About the Book
When law student Sarah Yung is raped, she accuses Paul, long-time friend and fellow student, of the assault. Paul is escorted off campus and is barred from returning while his case is investigated. Protesting his innocence, Paul reaches out to faculty advisor, Professor Alice Gordon, for help in navigating the university’s complex systems and to assist him in continuing his PhD studies while he waits at a nearby motel for the process to unfold. Convinced of Paul’s innocence, Alice and colleague Professor Bush partner with the young man’s priest to try to discover what really happened in the early morning hours of October 20, 2017. While Paul’s team investigates the rape, others seek to use the situation to their own advantage, creating a climate that leads to anger, vandalism, assault and, ultimately, murder.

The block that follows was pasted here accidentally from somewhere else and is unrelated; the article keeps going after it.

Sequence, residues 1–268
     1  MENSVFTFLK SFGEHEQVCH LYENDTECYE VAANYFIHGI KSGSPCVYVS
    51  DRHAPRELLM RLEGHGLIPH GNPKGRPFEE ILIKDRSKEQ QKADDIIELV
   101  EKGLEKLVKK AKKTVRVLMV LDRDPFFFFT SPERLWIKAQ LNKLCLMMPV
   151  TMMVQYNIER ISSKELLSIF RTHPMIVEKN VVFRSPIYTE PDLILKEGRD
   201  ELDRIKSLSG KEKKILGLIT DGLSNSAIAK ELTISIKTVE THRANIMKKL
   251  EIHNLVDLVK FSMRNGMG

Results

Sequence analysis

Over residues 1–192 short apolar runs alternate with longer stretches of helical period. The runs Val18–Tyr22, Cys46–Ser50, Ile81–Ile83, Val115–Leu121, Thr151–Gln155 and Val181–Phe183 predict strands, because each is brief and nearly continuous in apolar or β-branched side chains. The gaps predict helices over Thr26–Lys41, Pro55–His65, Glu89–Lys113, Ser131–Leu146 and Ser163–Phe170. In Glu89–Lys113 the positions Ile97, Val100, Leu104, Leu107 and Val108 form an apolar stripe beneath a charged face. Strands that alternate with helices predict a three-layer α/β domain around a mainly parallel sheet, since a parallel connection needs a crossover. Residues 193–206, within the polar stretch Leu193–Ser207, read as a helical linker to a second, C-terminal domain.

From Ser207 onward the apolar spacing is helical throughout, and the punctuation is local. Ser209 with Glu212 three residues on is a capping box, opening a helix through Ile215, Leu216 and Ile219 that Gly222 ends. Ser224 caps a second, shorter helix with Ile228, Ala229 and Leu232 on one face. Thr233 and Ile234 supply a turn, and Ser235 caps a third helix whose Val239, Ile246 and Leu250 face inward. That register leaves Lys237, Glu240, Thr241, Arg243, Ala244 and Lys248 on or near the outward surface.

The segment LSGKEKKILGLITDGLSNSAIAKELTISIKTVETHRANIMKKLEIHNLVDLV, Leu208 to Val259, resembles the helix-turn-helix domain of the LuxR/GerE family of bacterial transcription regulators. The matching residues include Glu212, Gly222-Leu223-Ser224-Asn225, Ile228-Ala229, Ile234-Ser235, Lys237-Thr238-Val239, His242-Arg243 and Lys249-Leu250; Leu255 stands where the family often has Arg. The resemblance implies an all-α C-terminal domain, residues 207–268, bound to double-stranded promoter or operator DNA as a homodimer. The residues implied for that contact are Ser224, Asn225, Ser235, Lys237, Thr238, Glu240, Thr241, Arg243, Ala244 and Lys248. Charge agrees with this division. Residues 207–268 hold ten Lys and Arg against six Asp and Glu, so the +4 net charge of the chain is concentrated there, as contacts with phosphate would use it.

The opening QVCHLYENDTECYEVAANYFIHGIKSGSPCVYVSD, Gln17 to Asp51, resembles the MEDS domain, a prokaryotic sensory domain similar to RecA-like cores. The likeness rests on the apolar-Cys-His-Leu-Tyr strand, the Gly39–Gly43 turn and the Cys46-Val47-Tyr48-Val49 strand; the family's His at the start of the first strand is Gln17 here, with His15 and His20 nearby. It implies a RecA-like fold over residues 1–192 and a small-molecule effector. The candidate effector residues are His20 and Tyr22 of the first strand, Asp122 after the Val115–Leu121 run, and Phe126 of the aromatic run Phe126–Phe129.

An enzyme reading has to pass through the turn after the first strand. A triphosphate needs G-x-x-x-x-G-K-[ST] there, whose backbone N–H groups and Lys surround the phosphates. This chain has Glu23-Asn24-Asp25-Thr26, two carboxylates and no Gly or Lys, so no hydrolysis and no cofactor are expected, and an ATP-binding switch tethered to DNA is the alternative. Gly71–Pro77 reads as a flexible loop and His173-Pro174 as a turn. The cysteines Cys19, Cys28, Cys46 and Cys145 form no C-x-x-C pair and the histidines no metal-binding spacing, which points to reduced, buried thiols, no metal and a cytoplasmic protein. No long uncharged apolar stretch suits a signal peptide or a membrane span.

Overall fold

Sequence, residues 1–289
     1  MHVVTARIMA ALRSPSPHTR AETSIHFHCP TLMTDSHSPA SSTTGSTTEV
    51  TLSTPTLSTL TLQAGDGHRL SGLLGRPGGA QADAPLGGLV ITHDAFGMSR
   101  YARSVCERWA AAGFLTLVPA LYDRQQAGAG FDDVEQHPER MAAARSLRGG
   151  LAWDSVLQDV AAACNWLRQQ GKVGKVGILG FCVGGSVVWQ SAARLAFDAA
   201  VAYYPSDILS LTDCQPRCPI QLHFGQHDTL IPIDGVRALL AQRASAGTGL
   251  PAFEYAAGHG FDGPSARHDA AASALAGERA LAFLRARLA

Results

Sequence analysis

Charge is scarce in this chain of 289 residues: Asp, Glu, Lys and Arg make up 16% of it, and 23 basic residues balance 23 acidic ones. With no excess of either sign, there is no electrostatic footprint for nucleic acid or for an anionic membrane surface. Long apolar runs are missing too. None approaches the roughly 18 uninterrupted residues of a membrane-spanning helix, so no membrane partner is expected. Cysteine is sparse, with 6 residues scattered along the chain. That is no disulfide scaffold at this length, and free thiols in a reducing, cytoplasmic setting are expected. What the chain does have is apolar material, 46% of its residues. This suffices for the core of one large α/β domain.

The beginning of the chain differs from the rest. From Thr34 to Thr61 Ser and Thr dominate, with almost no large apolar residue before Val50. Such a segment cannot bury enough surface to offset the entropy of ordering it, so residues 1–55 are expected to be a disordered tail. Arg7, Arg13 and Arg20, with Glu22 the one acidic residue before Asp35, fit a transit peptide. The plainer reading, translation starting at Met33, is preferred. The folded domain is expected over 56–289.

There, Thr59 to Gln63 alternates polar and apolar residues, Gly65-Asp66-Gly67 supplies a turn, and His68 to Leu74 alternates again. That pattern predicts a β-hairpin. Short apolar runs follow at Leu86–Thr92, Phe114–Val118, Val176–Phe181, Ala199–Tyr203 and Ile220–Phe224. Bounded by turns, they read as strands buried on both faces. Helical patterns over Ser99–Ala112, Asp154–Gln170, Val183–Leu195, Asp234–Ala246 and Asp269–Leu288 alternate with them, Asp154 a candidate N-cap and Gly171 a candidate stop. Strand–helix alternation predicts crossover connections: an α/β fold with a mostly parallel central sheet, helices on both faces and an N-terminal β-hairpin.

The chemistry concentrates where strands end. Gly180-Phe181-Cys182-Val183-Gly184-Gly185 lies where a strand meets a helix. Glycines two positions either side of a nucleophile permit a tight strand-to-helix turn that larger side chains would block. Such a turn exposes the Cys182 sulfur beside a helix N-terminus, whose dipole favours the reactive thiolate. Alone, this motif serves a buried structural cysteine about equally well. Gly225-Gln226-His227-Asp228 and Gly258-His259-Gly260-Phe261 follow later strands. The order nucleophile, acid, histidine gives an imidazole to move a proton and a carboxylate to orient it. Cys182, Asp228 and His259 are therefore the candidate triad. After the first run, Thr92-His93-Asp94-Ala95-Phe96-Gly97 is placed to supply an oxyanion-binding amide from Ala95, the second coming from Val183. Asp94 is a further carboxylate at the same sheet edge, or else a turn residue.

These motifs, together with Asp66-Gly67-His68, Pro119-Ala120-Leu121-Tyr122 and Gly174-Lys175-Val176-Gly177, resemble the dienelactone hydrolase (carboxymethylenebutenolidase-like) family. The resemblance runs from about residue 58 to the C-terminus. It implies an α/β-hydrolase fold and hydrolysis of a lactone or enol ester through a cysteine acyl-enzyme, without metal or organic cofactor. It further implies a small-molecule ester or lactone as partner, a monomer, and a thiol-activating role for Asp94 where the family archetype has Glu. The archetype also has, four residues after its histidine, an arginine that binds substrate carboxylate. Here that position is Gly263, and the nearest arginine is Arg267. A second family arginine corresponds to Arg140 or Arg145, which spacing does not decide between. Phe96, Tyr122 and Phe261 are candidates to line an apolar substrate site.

This diary-like account, written by a narrator recalling the events of ten years before, challenges our modern ideas of community, provokes thought about the meaning of friendship, and explores how belief impacts the ways in which we navigate the realities of our lives. Integral to the story is the modern culture of the academy where a new form of religion challenges traditional faith and where politics is an ever-present factor. An engaging twist on the classic whodunnit, The Country of the Blind recounts the shattering events over a period of thirteen days in which lives in this small university community are forever changed.